|2018 [Google Images]|
It's been a while since I've posted but I wanted to start out the New Year with some genealogical resolutions that hopefully will kickstart my 2018 genealogical year! So here's a list of 10 things I would love to accomplish throughout the year, whether it's a one time thing or progressively done throughout the year, I've added it to the list in no specific order!
My 10 Genealogical Resolutions of 2018
1. Post more on my blog ─ Looking back on previous years, I've noticed that I've posted much more. With trying to balance work and a personal life, it's hard to add a genealogy blog into the mix. My goal is to hopefully write more about my genealogical searches. Even though something might seem mundane, it could be helpful for someone else to read or even a good note for myself in the future looking back on a search or theory. I want to post in Spanish as well and open up my audience more but also trying to find an easy way of separating yet combining both of those worlds. Any ideas are surely welcomed!
3. Search more into my Yabucoa roots ─ This one is tied into another goal a bit more down but I want to search more about my roots in the town of Yabucoa. I was fortunate to visit the town with my grandmother (her birth town) and look around a bit but I want to take a deeper look into my ancestry there. Most of my family is labeled "mestizo", "mulato", or "pardos libres" in this town so I want to see if I can start to identify ancestors that specifically carried these genes and even some who were previously slaves or natives from Yabucoa. With the recent release of Yabucoa church records, I've been slowly but surely making my way through some of the records but since they're mostly not indexed it takes a painstakingly one-by-one view of them to make sure I'm not jumping over any important ones!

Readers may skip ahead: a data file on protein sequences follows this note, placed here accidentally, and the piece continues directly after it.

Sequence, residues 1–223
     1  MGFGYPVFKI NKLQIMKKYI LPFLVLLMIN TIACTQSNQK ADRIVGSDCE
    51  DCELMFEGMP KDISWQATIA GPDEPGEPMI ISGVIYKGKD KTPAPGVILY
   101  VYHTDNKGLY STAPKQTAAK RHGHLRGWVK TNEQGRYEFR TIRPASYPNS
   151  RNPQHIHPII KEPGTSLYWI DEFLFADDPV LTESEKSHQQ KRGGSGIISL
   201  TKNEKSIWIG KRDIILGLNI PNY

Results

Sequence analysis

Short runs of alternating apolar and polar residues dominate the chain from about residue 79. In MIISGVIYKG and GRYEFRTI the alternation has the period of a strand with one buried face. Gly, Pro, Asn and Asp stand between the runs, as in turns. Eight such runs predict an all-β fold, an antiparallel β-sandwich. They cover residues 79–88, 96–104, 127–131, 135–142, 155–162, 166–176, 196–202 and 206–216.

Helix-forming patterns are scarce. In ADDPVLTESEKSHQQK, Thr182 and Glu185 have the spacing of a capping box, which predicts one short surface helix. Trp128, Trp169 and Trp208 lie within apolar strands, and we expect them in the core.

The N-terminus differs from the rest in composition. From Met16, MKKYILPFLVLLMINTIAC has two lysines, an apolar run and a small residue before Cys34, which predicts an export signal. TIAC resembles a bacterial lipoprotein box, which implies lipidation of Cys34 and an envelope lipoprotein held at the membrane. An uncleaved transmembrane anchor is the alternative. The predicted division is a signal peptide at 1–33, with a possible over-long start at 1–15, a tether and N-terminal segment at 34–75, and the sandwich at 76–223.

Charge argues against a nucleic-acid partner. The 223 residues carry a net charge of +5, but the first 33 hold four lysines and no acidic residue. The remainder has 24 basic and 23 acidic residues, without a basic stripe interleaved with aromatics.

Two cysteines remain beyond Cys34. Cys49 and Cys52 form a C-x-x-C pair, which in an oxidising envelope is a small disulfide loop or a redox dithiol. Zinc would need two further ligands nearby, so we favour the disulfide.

4. Learn more about my Correa family ─ Similarly with the release of the Coamo church records on FamilySearch, I need to peruse these books as well for my Correa ancestors. These are a tricky bunch of ancestors because they've moved from San Juan to Coamo and then Salinas, but luckily I've been able to mainly track every generation in those towns. Now the challenge becomes finding them in San Juan and figuring out where their origin lies. Especially since my grandfather's Y-DNA haplogroup is commonly found amongst Jews/Arabs, I'm interested in learning more about this specific line and their journey to Puerto Rico.
5. Read more books in relation to Genealogy, Genetics, Puerto Rico, etc. ─ With work being work, it's been a bit difficult trying to add books into my life. Now that I drive to work, I don't have the luxury of reading on the bus like I did 4-5 years ago. I have to intentionally add time into my day to read or otherwise I'll find perfect excuses for not reading. I want to widen my knowledge more in a lot of different genealogical fields so I'm trying to read some books here and there. I picked one up on native genes/genealogy and need to continue reading! Definitely going to be one of the harder goals since researching comes naturally to me, where as setting aside time for reading is a bit harder nowadays. Hoping I'll even post of the books here if they're good books to read!